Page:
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Law360, Los Angeles (March 19, 2014, 9:32 PM ET) — DirecTV Inc. on Wednesday urged a California appeals court to send a consumer class action alleging inadequate disclosure of early termination fees to arbitration, saying that the U.S. Supreme Court’s AT&T Mobility v. Concepcion decision makes it clear that the arbitration agreement can't be waived.
DirecTV asked the California Court of Appeal to overturn a lower court's denial of their motion to compel arbitration, which was filed shortly after the Concepcion decision in April 2011, a high court ruling that said companies could insert class action waivers in consumer arbitration agreements.
During oral arguments in Los Angeles, Melissa D. Ingalls of Kirkland & Ellis LLP, representing DirecTV, told a three-judge panel that Ninth Circuit's 2013 ruling in Murphy v. DirecTV Inc., which cited Concepcion in sending a putative class action to arbitration, highlighted the applicability of the precedent in this case.
“You don't apply a state law if it's going to operate to make an arbitration agreement unenforceable,” she said. “The Federal Arbitration Act governs agreements whether the parties want to contract out of it or not.”
Los Angeles Superior Court Judge Rita Miller, sitting on the panel, asked Ingalls why an agreement couldn't stipulate that state law be applied instead.
“So you're not going to give me a case that says you can't agree to state law rather than the FAA?” she asked.
The appeals court's ruling will decide whether five-year-old allegations that DirecTV ripped off California consumers will move forward as a massive class action in the courts or else be decided on a case-by-case basis by arbitrators.
Amy Imburgia and Marlene Mecca filed suit against DirecTV in September 2008, claiming the satellite provider entered into contracts with its customers over the phone or in-person after satellite installation but did not disclose the stiff termination fees associated with canceling the service before the end of the contract.
The lawsuit, which seeks injunctive relief and damages for customers affected by DirecTV termination fees, also claims the company locks customers into strict 18- and 24-month contracts, with considerable penalties for customers who cannot continue the service.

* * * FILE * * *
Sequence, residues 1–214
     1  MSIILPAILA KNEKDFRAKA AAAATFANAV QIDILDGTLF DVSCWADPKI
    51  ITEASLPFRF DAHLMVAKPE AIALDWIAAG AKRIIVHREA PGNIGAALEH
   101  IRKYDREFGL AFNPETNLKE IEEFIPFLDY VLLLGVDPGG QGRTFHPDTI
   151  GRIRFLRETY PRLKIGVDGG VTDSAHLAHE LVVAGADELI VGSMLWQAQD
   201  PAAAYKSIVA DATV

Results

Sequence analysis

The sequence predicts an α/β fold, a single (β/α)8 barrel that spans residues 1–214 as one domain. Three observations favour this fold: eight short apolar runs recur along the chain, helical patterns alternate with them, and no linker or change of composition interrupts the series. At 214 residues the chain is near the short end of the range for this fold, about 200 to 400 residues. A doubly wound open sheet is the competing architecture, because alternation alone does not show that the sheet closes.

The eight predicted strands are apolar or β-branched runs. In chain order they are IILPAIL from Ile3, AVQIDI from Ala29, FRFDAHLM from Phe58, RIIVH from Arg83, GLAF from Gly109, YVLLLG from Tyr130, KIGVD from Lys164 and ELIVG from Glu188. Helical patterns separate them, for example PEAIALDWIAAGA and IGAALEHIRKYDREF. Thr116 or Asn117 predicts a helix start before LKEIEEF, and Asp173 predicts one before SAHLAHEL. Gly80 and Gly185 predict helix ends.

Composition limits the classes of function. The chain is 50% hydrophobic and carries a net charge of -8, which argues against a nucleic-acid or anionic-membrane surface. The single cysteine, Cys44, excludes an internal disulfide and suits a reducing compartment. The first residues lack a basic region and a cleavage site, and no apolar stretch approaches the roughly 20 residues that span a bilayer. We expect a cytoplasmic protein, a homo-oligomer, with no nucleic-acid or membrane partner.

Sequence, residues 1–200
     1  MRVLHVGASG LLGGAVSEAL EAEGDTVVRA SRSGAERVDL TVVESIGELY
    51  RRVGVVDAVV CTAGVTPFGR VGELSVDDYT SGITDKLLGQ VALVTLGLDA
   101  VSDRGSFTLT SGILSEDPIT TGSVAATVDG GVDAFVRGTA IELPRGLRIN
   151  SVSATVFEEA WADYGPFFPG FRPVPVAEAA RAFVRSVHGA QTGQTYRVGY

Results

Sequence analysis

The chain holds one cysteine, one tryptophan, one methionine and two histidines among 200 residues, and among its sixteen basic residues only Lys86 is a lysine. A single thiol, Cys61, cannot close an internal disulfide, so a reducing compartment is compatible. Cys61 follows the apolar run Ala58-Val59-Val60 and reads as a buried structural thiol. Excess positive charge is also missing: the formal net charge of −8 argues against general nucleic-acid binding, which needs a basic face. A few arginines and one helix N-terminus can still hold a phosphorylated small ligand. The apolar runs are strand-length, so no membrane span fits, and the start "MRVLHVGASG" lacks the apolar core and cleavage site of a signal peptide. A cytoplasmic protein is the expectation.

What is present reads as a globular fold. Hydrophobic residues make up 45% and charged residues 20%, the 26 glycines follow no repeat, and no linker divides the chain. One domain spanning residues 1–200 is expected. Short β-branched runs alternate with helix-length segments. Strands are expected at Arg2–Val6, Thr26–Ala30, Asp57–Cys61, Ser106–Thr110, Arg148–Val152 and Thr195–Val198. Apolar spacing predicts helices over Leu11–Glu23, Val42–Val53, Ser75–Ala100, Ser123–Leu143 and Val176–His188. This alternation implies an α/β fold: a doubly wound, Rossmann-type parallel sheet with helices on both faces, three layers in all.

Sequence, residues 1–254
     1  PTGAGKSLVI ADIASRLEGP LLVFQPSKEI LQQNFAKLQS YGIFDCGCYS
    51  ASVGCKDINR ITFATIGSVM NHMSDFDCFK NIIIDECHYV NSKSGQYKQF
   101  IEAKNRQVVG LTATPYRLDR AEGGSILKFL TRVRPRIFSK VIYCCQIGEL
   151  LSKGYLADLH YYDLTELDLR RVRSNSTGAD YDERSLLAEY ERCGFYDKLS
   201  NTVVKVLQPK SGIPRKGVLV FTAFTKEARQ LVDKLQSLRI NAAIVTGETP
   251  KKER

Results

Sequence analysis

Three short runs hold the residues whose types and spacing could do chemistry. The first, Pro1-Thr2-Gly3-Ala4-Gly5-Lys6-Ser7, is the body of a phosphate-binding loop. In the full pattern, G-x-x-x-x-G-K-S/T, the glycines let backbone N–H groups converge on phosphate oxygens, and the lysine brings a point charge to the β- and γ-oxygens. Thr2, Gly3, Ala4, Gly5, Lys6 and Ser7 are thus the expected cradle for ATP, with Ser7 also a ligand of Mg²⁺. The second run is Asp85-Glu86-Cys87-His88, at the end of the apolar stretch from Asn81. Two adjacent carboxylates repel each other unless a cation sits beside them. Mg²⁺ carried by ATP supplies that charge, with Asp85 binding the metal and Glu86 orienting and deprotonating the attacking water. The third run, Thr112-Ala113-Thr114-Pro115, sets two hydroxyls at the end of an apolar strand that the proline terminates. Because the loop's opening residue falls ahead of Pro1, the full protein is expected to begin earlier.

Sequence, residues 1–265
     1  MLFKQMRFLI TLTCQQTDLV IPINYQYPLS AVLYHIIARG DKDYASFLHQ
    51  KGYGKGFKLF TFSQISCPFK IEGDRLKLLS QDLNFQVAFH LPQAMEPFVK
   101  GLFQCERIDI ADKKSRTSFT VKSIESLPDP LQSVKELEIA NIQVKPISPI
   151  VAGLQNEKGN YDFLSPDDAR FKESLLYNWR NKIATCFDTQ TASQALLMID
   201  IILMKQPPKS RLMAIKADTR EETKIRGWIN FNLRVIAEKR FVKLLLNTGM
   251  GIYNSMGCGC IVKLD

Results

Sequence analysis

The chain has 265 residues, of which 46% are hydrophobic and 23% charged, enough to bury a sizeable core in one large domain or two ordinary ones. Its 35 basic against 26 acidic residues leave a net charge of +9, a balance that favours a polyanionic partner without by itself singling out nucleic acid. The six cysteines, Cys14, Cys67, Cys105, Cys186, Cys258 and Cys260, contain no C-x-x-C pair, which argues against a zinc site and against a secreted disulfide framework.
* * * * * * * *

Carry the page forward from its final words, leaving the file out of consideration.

DirectTV, an El Segundo, Calif.-based international satellite provider, has more than 17.1 million digital television customers in the United States and is the second-largest multichannel video programming provider in the U.S.
A class was certified in April 2011. A month later, DirecTV moved to decertify the class and either dismiss or stay the case, so it could be sent to arbitration.
Los Angeles Superior Court Judge Emilie H. Elias denied that motion, ruling that Concepcion did not apply in this case, according to DirecTV's opening brief to the appeals court.
On Wednesday, Ingalls countered plaintiff's arguments that DirecTV waived its right to arbitration by waiting two years after the case was filed to request it by saying the company had no right to arbitration when the case was filed due to a previous California decision invalidating arbitration provisions that contained class waivers — a decision that Concepcion overrules, she said.
The plaintiffs are represented by Paul D. Stevens of Milstein Adelman LLP.
DirectTV is represented by Melissa D. Ingalls of Kirkland & Ellis LLP.
The case is Imburgia et al. v. DirectTV Inc., case number B239361, in the California Court of Appeal, Second Appellate District.
–Additional reporting by Jeff Sistrunk and Zach Winnick. Editing by Christine Chun.